- Proteas opener Sarel Erwee said keeping his mind on his core batting job was the toughest thing to do in the Lord's atmosphere.
- Erwee's 73 underpinned South Africa 289/7 on the second day of the first Test at Lord's on Thursday.
- Erwee isn't expecting the pitch to get any easier to bat on as the match progresses.
Proteas opener Sarel Erwee said one of his tougher tasks was to control the emotions of playing at Lord's on the second day of the first Test against England on Thursday.
Erwee, who was SA's top scorer with 73 from 146 balls in the total of 289/7, said staying in the moment while also enjoying it was one of his tougher tasks.
Erwee shared an 85-run opening stand with captain Dean Elgar as SA first whittled down England's total, from where they pushed on to a 124-run lead.
Erwee said the pleasure of playing at Lord's meant focusing on the core batting job wasn't always easy.
"I do have moments where I look around and I say 'wow, this is what it feels like'," Erwee said.
"The space that I'm in and the time that I'm playing cricket for South Africa is when I'm trying to do my best as possible.
"I'm trying to stay in the moment and not think about other things that can fill my mind.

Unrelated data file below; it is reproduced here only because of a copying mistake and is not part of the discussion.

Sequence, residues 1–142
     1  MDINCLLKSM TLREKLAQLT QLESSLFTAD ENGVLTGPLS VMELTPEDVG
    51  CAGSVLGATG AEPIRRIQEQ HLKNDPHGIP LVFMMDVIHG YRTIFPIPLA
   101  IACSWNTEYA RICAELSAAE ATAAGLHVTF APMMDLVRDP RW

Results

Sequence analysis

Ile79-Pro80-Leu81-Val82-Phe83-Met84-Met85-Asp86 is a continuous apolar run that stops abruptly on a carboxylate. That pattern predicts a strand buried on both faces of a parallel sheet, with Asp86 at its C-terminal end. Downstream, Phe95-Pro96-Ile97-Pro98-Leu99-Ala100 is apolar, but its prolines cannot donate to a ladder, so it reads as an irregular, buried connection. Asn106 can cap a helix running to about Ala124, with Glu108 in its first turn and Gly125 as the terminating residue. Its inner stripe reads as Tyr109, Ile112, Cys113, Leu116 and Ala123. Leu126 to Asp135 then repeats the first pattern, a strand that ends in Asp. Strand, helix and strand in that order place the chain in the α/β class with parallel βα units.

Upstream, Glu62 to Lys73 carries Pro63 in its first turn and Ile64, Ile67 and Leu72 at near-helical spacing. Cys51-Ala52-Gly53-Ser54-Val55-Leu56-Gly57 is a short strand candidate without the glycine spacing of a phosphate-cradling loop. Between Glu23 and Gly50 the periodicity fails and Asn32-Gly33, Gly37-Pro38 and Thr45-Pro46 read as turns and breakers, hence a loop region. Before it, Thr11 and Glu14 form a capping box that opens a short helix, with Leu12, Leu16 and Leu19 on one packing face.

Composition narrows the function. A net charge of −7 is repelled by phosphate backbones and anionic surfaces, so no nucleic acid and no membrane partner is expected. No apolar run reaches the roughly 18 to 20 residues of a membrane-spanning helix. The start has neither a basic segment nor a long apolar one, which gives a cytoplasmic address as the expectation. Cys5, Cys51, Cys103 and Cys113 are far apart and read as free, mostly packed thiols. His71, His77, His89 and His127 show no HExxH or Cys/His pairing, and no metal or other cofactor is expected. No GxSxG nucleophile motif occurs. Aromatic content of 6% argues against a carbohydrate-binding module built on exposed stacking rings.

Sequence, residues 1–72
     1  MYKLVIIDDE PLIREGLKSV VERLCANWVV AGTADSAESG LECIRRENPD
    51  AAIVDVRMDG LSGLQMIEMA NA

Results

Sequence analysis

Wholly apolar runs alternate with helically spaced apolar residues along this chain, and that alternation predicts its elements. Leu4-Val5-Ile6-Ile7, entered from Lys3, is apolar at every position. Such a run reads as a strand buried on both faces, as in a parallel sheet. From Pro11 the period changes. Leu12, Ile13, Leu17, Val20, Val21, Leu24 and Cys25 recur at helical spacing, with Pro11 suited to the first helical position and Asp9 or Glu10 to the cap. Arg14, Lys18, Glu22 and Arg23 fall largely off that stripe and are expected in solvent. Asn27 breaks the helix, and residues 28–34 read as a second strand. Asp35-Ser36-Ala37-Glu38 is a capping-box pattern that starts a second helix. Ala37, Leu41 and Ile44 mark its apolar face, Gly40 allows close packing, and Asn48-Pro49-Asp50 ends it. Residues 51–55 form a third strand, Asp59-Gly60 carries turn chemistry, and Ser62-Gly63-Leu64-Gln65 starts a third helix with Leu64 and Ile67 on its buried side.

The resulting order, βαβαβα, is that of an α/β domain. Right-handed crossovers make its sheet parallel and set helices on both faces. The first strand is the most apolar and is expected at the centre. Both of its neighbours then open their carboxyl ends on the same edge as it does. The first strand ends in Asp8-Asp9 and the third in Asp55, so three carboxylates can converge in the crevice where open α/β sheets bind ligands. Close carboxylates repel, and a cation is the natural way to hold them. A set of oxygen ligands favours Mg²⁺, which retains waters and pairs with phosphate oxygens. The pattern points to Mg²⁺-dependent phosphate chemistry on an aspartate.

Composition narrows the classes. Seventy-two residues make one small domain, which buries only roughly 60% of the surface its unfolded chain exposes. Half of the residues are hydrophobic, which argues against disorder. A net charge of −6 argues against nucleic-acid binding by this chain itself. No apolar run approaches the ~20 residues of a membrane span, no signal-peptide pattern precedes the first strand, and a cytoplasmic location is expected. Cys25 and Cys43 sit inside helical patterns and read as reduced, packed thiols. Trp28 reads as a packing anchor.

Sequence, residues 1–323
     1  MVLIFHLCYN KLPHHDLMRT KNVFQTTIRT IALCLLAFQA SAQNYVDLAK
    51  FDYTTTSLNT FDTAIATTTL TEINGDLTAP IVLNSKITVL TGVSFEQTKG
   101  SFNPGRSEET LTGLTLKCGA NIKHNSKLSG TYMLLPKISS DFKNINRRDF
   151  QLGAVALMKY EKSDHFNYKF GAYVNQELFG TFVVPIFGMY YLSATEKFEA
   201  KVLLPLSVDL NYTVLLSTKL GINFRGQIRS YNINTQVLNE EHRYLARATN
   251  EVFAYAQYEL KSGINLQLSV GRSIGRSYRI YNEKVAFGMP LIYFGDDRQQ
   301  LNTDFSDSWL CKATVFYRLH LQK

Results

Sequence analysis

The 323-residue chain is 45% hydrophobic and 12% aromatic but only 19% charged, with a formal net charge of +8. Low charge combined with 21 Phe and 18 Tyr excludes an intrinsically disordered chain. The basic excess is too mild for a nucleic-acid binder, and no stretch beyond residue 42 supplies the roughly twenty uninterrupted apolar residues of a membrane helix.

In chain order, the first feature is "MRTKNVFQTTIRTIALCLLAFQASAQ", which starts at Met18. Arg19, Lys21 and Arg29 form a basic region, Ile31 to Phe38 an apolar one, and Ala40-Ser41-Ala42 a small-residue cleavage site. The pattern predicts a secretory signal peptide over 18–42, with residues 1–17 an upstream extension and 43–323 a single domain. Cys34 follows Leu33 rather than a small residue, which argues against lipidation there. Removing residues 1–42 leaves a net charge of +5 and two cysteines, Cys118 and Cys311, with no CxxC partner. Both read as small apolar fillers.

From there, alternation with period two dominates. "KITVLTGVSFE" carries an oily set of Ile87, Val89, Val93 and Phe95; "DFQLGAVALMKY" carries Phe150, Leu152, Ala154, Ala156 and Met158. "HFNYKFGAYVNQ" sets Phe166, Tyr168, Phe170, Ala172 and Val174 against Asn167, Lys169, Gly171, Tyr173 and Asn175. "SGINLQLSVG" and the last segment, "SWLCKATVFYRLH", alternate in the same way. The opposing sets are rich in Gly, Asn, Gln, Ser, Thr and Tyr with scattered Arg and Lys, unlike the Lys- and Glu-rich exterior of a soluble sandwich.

"When there are small breaks, I'll take time to look around and I'll get a fuzzy feeling that this is the home of cricket.
"I try to control my thoughts and my body as much as possible so that it doesn't overwhelm me because it's a special place."
Erwee's wicket was the fourth to fall as England staged a fightback through captain Ben Stokes.
Stokes's short-ball ploy worked as it got rid of Erwee, who fended a bumper to Ben Foakes while Rassie van der Dussen (19) was trapped in front while hanging on the back foot.
Erwee said he wasn't too hard on himself after being outfoxed by England's skipper.
"Some of the balls stuck in the wicket and some skidded through a touch. It was about trying to be aware as much as possible in terms of playing and then getting out of the way," he said.
"I was a touch late in terms of getting out of the way, but it’s not a train smash. If you know what they're trying to do, you sometimes have a clear plan that doesn't always go to plan."
Erwee said the surface, with a touch of green along with a patch that was affected by a fungus that gave it a different colour, slowed down as the day progressed.
"Conditions got trickier as the day progressed as the pitch got two-paced as the match went on," Erwee said.
"Scoring got quite slow because, after the rain, the outfield became heavy, so you needed to take that out of your mind.
"One had to watch the ball for as long as possible and play it as intently as one could."